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sabra and shatila massacre

While Israeli politicians and their allies found something to praise for former prime minister Aaron Sharon who died Saturday in a hospital near Tel Aviv after eight years in coma, Palestinians, Lebanese and others were blunt in their criticism.

Some Lebanese remembered Sharon as the man who inflicted severe suffering, vengeance, or punishment to their country, saying he was responsible for the massacres in the Sabra and Shatilia refugee camps in Lebanon in 1982 when he was defense minister.

“Perhaps the souls of the martyrs from the Sabra and Shatila massacres can get a bit of comfort,” Lebanon’s social affairs minister, Wael Abu Faour, said Saturday in a statement . “There is now less evil in this world.” He said.

Adel Makki rushed into the street in Beirut’s Shatila Palestinian refugee camp Saturday to hand out sweets when he learned of the death of Ariel Sharon, the Israeli leader Palestinians blame for a massacre of hundreds there and in the nearby Sabra camp.

“I was relieved when I found out that Sharon was dead. I think the [eight] years he spent in a coma were punishment from God for the crimes he committed,” Makki, age 19, told AFP.

Israel invaded Lebanon on June 6, 1982 , but over over three days, beginning on September 16, 1982, hundreds of men, women and children were massacred in Sabra and Shatila on the southern outskirts of Beirut.

Some 500 more simply vanished without a trace, among them Makki’s uncle.

Rabbis from left, David Shlomo Feldman, Moshe Dov Beck and Yisroel Dovid Wiess, light candles at the Martyrs square of Sabra and Shatila Massacres in the Palestinian refugee camp in Beirut, Lebanon, Thursday February 24, 2005. Four Jewish Rabbis are taking part in a three-day conference titled The Palestinian People's Right of Return to their Homeland.
Rabbis from left, David Shlomo Feldman, Moshe Dov Beck and Yisroel Dovid Wiess, light candles at the Martyrs square of Sabra and Shatila Massacres in the Palestinian refugee camp in Beirut, Lebanon, Thursday February 24, 2005. Four Jewish Rabbis   took part in a three-day conference titled The Palestinian People’s Right of Return to their Homeland.

Many residents of Sabra and Shatila said Sharon should have been prosecuted, echoing the statements of many compatriots in the Palestinian territories and rights watchdogs.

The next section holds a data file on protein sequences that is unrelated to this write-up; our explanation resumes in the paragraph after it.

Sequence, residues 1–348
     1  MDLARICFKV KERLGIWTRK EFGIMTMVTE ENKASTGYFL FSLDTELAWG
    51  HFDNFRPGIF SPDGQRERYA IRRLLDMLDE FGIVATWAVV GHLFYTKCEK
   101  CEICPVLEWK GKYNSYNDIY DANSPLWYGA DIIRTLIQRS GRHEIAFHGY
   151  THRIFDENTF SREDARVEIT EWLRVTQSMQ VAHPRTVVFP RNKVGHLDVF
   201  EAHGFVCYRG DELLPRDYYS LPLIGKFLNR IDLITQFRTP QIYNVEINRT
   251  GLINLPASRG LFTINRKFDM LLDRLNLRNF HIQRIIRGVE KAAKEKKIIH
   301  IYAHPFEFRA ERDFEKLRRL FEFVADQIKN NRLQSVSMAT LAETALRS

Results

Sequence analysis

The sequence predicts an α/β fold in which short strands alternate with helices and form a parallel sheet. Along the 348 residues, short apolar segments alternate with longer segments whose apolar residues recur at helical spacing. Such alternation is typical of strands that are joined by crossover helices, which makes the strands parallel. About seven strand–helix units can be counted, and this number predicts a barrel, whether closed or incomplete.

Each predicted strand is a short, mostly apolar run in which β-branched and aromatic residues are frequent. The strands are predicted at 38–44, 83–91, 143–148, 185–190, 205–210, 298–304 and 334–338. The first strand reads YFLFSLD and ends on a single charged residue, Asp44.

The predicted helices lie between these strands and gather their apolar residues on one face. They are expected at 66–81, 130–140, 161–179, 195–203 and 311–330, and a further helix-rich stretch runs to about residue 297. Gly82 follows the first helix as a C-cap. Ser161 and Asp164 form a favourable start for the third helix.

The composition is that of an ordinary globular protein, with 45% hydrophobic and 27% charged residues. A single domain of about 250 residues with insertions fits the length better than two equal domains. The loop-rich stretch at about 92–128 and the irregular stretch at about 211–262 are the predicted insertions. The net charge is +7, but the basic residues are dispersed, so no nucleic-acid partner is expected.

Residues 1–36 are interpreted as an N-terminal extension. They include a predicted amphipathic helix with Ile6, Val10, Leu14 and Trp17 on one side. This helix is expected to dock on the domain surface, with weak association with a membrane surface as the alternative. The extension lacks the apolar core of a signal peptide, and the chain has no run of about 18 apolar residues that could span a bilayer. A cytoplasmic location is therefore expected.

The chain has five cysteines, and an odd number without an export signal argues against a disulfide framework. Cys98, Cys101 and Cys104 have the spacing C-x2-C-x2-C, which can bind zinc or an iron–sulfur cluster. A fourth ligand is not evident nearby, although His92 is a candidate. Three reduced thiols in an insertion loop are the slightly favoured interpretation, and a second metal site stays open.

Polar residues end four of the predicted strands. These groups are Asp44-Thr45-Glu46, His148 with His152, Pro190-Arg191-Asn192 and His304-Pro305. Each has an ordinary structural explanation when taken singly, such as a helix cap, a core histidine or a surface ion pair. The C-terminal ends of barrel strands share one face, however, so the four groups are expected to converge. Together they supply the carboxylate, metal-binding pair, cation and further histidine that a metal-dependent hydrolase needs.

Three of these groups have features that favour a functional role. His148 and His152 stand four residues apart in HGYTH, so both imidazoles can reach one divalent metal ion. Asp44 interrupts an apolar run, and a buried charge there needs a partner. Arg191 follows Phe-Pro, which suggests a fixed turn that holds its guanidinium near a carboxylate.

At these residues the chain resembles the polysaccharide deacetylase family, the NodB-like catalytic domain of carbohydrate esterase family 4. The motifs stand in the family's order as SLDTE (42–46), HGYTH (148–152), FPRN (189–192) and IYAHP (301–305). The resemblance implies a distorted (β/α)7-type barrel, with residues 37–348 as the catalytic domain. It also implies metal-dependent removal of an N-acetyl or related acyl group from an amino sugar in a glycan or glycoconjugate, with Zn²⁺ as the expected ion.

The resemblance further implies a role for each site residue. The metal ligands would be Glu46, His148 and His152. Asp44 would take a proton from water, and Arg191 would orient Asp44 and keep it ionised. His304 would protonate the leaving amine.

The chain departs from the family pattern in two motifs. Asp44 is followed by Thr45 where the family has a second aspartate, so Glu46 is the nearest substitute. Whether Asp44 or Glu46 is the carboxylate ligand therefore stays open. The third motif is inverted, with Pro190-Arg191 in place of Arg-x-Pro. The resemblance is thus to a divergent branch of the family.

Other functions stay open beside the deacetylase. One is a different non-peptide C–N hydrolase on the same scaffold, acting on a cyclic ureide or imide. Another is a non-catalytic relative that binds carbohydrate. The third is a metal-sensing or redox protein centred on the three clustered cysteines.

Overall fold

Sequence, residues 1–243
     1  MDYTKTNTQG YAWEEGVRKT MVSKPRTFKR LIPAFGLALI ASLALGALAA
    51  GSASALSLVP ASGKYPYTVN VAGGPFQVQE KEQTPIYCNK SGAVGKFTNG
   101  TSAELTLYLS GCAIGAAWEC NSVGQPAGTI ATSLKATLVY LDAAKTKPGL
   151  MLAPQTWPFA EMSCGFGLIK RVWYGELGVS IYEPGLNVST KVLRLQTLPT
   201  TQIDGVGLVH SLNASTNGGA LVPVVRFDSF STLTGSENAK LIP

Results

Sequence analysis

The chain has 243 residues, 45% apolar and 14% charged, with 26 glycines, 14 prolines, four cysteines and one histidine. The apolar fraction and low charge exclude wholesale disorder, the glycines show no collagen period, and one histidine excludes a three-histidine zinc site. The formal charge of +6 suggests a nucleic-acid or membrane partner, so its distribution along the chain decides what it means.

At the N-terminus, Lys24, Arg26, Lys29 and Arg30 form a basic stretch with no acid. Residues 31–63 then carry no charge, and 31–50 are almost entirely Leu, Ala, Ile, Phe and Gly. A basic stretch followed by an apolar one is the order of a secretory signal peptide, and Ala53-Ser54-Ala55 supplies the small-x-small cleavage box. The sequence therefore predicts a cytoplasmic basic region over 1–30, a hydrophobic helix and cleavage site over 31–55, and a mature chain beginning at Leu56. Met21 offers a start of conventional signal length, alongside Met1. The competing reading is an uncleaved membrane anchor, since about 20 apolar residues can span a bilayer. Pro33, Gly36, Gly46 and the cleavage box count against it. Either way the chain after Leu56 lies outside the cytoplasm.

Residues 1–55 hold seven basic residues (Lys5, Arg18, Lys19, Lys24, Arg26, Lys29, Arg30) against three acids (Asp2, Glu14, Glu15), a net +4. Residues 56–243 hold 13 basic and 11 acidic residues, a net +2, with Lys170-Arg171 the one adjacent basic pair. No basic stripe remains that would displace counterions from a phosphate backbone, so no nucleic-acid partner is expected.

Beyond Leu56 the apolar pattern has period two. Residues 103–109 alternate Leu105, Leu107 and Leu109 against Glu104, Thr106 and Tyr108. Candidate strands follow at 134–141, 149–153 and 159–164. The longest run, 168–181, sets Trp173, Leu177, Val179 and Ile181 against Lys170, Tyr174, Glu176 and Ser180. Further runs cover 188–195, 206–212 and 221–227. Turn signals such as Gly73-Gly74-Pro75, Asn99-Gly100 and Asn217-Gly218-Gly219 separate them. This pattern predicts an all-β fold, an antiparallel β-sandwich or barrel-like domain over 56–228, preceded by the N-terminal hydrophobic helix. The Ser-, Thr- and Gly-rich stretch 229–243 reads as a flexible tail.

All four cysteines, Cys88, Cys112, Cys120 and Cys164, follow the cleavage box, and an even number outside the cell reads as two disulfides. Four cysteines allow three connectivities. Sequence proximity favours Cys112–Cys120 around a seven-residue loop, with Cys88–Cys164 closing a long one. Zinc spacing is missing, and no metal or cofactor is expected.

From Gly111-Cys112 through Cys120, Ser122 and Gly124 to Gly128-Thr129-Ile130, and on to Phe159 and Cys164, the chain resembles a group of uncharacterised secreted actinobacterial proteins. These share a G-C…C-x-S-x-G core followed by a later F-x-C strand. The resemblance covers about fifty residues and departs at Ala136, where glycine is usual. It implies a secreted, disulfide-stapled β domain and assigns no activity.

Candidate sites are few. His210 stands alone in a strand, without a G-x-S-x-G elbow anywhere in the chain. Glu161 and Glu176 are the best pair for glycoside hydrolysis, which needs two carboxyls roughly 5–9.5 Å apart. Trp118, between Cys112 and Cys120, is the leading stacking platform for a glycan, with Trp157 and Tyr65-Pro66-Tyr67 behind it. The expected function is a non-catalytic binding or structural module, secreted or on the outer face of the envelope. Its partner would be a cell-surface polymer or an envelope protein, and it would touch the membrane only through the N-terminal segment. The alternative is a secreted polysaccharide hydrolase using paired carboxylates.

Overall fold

According to the lebanese daily Al-Akhbar, Sharon will forever be remembered in Lebanon as the “Butcher of Beirut” .
Sharon, who was defense minister at the time, was forced to resign after an Israeli commission of inquiry found he had been “indirectly responsible” for the massacres.

Sharon denied any wrongdoing in the slaughter, claiming he was unaware that an extremist, sectarian Christian militia would harm residents of the camps. But evidence has mounted since the initial Israeli probe of the massacre, showing that Sharon had a plan to “cleanse” West Beirut, which encompasses the camps.
Hamas, the militant Islamic faction that leads the Gaza Strip, called the death “a sign of God’s punishment and a lesson to all tyrants.” Mustafa Barghouti, a moderate member of the Palestine Liberation Organization’s central council, told the BBC that Mr. Sharon had left “no good memories with Palestinians.”
“Unfortunately, he had a path of war and aggression and a great failure in making peace with the Palestinian people,” Mr. Barghouti said.

Sarah Leah Whitson, Middle East director at Human Rights Watch, called it a “shame that Sharon has gone to his grave without facing justice” for, among other things, his role in the Sabra and Shatila massacres. She called his death “another grim reminder that years of virtual impunity for rights abuses have done nothing to bring Israeli-Palestinian peace any closer.”

With Agencies

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